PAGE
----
Following the resounding success of their first two Beatles Baroque albums, Montréal’s Les Boréades are back with their latest in the collection of Beatles tunes on early instruments.
New York-based conductor and continuo player Eric Milnes has arranged some of the Beatles’ most enduring hits (All You Need is Love, Hey Jude, Strawberry Fields, The Long and Winding Road, among others) for period instruments including recorder, baroque violin, viola da gamba, and harpsichord. The result is an astonishingly fresh take on the musical and lyrical genius of the world’s most famous band. Beatles Baroque III (ACD2 2351) is available in retail outlets across Canada starting October 2, 2006.
Conductor/arranger Eric Milnes set out to reconstruct these Beatles songs as if they were written three centuries ago. “All throughout the 1960s musicologists were extolling the virtues of the Beatles’ music, with references to qualities which resonated with echoes of the 16th, 17th and 18th centuries”, Milnes says. “This was often scoffed at. And yet, the echoes remain. So many of the songs remind me of Dowland, Purcell, Handel and Bach”.
Although just seven years old at the time, Milnes remembers vividly the single release of Strawberry Fields/Penny Lane as a neighbour ran across the street waving the Capitol 45rpm disc. But it wasn’t until his high school years that his exhaustive study of the complete works of the Beatles began, coinciding with his serious study of classical music at the piano, harpsichord and organ.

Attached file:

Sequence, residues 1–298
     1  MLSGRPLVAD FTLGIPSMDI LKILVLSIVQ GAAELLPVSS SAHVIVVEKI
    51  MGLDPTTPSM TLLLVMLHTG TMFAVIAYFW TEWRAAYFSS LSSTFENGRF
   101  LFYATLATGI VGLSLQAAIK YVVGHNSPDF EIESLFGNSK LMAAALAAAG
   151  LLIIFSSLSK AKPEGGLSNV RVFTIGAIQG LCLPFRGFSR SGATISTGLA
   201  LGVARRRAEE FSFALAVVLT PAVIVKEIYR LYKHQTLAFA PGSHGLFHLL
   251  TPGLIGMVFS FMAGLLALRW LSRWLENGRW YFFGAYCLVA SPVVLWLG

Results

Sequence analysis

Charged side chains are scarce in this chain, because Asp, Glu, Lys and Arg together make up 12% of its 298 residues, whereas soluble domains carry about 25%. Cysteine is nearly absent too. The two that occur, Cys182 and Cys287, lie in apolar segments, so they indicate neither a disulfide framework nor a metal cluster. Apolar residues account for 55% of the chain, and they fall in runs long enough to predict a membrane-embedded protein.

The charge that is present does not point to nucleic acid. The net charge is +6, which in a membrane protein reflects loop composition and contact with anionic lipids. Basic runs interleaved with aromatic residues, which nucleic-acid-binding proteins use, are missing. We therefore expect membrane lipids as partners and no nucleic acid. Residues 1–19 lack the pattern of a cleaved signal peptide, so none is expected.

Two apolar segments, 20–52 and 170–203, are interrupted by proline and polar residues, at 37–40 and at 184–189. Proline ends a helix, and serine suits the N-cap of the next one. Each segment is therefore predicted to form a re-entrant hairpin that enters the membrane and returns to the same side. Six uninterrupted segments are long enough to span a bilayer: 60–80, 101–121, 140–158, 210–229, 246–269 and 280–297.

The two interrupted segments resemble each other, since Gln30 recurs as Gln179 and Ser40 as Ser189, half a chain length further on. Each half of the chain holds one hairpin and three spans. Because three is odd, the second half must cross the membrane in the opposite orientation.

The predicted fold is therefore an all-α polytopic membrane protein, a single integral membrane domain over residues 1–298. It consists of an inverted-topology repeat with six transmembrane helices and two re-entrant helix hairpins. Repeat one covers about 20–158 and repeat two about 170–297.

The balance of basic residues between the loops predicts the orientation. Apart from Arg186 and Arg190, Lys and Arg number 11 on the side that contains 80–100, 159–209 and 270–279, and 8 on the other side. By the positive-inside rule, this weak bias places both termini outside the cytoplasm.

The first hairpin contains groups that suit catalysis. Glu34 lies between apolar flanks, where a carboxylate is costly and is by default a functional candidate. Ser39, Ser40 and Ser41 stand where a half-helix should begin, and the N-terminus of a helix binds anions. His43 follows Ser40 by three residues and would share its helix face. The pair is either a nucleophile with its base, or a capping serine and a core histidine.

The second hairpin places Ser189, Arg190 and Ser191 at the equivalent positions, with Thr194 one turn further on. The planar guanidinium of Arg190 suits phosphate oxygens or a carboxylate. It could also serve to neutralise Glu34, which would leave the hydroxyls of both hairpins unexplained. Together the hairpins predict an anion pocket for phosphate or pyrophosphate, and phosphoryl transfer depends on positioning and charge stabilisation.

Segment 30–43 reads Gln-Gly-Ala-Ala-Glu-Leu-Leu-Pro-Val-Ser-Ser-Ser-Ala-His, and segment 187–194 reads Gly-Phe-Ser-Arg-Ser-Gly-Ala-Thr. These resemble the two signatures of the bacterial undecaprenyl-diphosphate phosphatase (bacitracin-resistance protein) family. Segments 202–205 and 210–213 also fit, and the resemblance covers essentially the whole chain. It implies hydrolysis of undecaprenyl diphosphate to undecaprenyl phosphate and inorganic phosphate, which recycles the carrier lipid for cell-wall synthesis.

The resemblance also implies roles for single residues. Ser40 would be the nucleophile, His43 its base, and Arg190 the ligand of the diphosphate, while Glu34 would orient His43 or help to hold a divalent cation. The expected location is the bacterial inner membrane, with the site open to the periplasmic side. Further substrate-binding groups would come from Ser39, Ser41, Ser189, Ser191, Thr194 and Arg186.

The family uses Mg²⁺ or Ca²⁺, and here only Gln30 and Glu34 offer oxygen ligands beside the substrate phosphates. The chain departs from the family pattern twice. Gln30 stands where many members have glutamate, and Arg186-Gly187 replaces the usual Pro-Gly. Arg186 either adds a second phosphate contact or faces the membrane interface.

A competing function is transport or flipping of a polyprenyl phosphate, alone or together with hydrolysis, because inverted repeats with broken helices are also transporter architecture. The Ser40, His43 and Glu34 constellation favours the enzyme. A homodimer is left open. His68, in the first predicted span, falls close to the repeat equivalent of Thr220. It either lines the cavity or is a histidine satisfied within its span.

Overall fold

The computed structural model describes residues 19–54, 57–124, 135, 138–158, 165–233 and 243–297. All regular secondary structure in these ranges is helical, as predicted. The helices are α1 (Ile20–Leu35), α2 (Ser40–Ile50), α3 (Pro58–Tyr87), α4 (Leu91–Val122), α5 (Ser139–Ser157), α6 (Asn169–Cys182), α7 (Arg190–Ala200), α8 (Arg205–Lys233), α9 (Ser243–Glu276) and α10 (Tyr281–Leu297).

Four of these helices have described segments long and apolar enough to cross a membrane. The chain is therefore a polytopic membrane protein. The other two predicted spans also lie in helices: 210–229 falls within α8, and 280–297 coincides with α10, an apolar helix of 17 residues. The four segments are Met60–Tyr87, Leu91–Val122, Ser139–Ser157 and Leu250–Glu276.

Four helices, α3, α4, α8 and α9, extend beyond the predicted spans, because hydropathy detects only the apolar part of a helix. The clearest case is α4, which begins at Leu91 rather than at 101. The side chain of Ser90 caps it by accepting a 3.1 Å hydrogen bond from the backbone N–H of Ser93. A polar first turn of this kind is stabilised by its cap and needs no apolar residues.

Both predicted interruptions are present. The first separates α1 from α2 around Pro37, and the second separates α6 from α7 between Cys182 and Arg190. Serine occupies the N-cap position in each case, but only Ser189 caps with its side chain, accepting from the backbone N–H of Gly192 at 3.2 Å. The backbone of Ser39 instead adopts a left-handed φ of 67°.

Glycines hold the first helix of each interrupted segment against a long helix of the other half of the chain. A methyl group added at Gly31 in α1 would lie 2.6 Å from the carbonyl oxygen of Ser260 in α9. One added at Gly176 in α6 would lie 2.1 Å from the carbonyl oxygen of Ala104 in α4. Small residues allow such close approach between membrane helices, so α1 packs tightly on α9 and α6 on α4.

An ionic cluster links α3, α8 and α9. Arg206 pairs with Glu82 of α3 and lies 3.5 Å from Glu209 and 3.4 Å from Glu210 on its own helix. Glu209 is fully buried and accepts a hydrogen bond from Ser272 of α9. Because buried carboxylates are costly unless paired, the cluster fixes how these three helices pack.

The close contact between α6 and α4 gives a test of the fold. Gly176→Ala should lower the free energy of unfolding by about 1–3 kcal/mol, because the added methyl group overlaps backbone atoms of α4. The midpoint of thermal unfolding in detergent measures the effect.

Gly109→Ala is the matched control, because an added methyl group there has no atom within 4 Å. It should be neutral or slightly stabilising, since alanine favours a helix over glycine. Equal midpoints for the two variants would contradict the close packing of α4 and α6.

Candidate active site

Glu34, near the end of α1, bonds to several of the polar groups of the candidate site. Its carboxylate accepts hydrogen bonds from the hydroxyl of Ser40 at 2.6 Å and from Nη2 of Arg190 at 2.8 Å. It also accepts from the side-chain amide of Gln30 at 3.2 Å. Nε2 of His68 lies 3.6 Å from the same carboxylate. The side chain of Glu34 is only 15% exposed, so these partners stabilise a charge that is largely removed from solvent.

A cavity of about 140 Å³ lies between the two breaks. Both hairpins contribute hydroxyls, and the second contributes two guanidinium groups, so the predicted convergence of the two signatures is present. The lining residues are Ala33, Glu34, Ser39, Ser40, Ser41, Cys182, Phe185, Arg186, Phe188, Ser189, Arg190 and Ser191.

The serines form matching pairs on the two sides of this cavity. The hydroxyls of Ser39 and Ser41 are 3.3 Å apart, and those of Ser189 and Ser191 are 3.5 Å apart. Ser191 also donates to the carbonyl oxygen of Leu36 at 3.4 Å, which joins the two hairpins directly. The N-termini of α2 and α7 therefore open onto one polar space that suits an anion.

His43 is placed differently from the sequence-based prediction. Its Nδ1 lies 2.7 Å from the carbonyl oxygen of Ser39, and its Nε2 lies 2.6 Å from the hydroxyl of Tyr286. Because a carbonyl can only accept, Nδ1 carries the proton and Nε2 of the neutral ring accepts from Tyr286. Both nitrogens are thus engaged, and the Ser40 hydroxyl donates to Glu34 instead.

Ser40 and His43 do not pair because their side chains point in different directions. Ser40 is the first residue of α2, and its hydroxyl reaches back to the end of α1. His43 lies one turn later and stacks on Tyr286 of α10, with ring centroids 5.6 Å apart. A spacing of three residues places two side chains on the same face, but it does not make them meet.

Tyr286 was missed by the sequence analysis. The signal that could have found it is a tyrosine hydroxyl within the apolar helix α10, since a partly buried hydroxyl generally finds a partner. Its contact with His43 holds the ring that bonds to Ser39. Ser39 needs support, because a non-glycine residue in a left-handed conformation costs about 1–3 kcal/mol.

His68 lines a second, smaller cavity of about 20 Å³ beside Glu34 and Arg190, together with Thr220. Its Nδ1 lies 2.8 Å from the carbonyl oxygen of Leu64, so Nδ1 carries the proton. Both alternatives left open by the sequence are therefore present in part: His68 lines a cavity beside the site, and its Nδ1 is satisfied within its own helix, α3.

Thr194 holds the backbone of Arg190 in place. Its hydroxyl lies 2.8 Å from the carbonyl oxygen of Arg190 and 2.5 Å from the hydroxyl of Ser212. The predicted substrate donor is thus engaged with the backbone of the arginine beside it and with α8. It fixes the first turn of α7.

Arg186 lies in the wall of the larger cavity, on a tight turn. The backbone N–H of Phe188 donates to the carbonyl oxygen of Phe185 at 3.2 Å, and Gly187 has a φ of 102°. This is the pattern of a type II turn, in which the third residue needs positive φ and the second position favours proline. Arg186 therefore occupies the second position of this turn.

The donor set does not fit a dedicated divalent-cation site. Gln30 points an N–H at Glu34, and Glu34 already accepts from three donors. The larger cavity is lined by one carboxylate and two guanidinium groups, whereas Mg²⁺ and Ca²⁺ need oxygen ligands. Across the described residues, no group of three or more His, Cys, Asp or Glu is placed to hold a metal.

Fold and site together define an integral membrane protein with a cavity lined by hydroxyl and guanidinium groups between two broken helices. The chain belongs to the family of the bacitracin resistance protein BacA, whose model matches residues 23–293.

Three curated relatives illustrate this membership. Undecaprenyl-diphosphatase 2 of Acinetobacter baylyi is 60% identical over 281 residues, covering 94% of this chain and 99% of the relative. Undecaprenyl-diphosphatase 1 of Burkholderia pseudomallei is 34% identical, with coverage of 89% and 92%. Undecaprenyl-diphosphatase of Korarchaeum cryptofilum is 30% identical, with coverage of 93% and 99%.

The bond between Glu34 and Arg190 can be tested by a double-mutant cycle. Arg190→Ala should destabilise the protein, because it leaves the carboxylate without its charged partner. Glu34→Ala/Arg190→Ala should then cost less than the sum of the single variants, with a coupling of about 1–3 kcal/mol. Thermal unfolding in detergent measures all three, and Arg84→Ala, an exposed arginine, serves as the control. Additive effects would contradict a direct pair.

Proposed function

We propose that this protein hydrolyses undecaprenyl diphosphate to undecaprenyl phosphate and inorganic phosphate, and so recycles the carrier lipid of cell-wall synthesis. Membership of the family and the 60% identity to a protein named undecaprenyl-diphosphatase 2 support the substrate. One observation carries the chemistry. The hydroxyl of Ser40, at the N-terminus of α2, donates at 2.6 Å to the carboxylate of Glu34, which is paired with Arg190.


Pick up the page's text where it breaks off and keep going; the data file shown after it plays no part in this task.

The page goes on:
The inside scoop on the Beatles Baroque phenomenon:
"As the geriatric member of the group, I fondly remember dancing to She loves you, yeah, yeah, yeah the day it came out on a 45 rpm vinyl disc". – Susie Napper, cello, viola da gamba
"I played Magical Mystery Tour, Sgt. Pepper’s and The White Album so many times that they completely wore out my old turntable". – Sylvain Bergeron, baroque guitars
"Every Beatles release was an excuse to throw a party that would last all night"!– Margaret Little, viola
"If I had been told that I might one day play The Beatles on my baroque violin, I would surely have thought myself under the blaze of Lucy’s diamonds". – Hélène Plouffe, baroque violin